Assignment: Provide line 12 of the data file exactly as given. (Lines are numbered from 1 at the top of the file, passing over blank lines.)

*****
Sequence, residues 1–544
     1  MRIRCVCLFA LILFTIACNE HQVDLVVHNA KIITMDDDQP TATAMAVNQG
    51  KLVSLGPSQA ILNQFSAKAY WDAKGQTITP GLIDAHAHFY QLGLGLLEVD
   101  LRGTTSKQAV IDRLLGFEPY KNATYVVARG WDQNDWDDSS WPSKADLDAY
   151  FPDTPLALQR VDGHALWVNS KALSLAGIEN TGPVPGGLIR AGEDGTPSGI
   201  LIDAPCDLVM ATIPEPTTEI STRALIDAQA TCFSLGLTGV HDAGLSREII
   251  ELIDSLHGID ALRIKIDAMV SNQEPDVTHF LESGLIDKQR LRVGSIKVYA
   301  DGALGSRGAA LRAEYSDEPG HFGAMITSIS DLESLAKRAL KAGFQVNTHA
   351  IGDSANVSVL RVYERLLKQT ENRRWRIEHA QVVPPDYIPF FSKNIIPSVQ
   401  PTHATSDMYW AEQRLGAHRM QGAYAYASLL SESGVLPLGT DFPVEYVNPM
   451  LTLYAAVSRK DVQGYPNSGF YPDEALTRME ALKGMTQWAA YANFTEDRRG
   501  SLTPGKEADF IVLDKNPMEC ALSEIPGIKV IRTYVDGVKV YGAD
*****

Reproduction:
   501  SLTPGKEADF IVLDKNPMEC ALSEIPGIKV IRTYVDGVKV YGAD